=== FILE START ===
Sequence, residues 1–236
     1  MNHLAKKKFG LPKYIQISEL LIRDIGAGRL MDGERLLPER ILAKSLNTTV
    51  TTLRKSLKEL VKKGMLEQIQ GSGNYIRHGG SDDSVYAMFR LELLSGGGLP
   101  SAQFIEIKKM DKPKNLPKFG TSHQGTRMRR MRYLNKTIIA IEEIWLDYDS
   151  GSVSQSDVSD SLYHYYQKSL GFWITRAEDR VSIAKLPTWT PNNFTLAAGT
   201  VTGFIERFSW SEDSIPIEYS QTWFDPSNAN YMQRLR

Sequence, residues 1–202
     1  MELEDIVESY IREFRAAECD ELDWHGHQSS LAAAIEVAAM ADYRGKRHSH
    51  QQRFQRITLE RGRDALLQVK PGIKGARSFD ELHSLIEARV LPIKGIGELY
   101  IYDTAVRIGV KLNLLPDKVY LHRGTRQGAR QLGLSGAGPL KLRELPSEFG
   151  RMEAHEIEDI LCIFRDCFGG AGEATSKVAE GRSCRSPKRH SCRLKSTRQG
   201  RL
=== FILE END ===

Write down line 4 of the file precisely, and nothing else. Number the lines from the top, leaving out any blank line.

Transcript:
   101  SAQFIEIKKM DKPKNLPKFG TSHQGTRMRR MRYLNKTIIA IEEIWLDYDS